Myotonia Congenita (Becker & Thomsen Disease)
What is myotonia congenita?
here to be taken to a fact sheet on this condition.
The treatment of Thomsen and Becker types myotonia congenita is
directed toward the specific symptoms that are apparent in each
individual. Such treatment may require the coordinated efforts of a
team of medical professionals, such as pediatricians; specialists
who diagnose and treat disorders of the skeleton, joints, muscles,
and related tissues (orthopedists); physical therapists; and/or
other health care professionals.
Specific therapies for the treatment of Thomsen and Becker
diseases are symptomatic and supportive. In some cases, certain
medications may be prescribed to help diminish muscle stiffness and
other symptoms resulting from myotonia. In addition, special
exercises may be advised to help alleviate myotonic symptoms, since
associated muscle rigidity may improve with proper movement and
exercise of involved muscle groups.
As discussed earlier, two sisters with Becker type myotonia
congenita demonstrated susceptibility to a malignant
hyperthermia-like response. Although the implications of this
finding are not fully understood, this potential risk must be taken
into consideration by surgeons, anesthesiologists, dentists, and
other health care workers when making decisions concerning surgery,
the use of particular anesthetics, and the administration of
Early intervention is important to ensure that affected children
reach their potential. Special services that may be beneficial
include special social support, physical therapy, and/or other
medical, social, and/or vocational services.
Extract from a case study showing treatment
Many patients with myotonia can cope with their
symptoms without the use of medications. As described in the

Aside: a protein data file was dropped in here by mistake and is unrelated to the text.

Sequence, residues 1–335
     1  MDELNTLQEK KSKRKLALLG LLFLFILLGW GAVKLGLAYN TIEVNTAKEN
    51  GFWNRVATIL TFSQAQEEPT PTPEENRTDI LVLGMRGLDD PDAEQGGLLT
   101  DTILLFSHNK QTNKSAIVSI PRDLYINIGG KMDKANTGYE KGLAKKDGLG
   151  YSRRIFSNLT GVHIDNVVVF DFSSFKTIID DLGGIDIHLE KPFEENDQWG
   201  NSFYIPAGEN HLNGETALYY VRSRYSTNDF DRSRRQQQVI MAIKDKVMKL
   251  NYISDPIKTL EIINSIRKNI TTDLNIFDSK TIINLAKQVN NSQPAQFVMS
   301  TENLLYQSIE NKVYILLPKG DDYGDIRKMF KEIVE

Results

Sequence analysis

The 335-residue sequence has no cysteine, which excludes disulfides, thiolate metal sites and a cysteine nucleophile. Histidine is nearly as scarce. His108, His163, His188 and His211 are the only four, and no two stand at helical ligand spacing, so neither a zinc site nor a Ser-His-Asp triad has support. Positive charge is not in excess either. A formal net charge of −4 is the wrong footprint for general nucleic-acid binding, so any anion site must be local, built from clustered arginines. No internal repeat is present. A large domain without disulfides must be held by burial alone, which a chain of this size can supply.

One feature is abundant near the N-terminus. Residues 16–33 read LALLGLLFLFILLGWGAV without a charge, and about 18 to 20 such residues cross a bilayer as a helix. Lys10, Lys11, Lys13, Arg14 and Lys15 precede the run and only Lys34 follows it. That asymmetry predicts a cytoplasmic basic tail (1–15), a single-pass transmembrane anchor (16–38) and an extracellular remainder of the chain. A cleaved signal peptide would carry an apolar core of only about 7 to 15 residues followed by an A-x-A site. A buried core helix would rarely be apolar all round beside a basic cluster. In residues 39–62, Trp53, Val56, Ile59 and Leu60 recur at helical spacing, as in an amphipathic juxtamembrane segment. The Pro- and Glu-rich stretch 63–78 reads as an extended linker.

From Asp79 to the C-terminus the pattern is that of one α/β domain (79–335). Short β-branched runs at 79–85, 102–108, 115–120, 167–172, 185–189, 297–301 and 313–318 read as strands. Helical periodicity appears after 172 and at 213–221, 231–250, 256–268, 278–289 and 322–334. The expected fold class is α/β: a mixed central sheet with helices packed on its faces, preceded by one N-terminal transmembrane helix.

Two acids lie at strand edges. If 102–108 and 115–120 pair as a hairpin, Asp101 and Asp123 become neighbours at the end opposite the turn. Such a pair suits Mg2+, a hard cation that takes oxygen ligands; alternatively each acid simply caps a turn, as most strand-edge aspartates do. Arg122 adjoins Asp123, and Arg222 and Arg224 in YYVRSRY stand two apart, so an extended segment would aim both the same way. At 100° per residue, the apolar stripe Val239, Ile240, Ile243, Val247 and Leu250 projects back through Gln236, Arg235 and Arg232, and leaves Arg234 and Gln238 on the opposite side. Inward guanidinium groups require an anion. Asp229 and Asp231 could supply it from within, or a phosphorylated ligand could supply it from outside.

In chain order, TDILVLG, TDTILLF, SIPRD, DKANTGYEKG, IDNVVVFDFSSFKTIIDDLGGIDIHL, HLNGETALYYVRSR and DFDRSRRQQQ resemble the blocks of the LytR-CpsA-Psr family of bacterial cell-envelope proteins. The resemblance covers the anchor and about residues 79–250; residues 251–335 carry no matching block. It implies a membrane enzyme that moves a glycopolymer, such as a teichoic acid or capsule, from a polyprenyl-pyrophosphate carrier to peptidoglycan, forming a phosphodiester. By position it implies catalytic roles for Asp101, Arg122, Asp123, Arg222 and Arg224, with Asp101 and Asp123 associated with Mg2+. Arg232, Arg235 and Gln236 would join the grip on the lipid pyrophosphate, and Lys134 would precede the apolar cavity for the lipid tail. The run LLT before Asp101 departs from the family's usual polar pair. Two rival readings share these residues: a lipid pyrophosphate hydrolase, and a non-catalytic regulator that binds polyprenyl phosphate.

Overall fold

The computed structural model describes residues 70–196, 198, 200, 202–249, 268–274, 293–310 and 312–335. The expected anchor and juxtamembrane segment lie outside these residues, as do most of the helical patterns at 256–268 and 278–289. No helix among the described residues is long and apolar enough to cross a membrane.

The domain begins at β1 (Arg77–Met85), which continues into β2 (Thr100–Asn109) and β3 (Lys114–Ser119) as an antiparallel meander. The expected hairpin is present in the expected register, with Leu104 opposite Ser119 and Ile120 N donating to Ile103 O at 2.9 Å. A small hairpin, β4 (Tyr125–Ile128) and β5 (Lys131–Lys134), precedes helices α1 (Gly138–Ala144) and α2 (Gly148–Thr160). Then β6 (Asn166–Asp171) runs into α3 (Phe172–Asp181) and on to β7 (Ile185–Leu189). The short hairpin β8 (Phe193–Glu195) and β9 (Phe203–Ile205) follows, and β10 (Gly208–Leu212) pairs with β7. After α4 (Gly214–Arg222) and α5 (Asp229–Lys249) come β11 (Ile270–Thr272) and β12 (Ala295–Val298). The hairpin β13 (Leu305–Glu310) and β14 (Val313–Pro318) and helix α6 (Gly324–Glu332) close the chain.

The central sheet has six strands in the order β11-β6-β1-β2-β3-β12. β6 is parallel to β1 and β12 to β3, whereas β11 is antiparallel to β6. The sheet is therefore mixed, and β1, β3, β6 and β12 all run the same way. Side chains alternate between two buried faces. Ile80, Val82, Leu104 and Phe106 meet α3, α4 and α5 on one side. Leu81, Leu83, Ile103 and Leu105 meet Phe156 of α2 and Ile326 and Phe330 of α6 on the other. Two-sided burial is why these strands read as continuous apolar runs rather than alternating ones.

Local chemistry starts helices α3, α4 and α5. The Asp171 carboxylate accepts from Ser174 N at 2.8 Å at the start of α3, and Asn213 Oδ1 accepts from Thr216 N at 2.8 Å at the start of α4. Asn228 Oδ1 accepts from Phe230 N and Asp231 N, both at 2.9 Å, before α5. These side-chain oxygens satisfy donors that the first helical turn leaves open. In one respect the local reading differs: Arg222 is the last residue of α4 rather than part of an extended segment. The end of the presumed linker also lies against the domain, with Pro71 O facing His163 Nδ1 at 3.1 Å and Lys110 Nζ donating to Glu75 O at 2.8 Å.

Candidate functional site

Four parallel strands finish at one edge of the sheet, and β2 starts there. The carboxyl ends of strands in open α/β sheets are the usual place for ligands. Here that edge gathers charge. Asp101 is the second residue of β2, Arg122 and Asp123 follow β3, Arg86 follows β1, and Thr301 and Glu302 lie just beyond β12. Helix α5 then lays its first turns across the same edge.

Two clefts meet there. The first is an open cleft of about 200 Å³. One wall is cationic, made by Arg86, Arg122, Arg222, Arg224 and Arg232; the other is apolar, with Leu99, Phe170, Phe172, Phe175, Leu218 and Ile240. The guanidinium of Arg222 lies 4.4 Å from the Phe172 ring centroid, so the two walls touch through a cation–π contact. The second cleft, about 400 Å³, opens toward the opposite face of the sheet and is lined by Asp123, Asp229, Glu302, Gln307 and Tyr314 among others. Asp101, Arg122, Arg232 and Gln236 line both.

present case, however, patients with recessive MC can experience
severe myotonia, which hinders their daily activities.
Muscle stiffness responds well to drugs that reduce
the associated hyperexcitability of the sarcolemma by interfering
with sodium channels located on it. These drugs theoretically
reduce spontaneous discharges of electrical myotonia by decreasing
the number of available sodium channels, but they have no known
effects on chloride channels. One such drug is mexiletine, which is
able to reduce myotonia with doses of 200 mg two or three times a
day. Possible adverse side effects of mexiletine include epigastric
discomfort, nausea, tremor, anxiety and headaches, and in patients
with recessive MC, there is a possibility of an increase in muscle
weakness. Before prescribing mexiletine, an electrocardiogram must
be performed to eliminate contraindications such as cardiac
arrhythmias, coronary heart disease or cardiomyopathy.
Phenytoin 200-300 mg per day can also be used to
treat myotonia. Care must be taken with the use of
depolarizing muscle relaxants such as suxamethonium during
anesthesia, because they can cause adverse events such as
life-threatening muscle spasms and ventilation difficulties
following a preoperative injection.
Particular care should also be taken with
injections of adrenaline or selective beta-adrenergic agonists,
because they aggravate myotonia.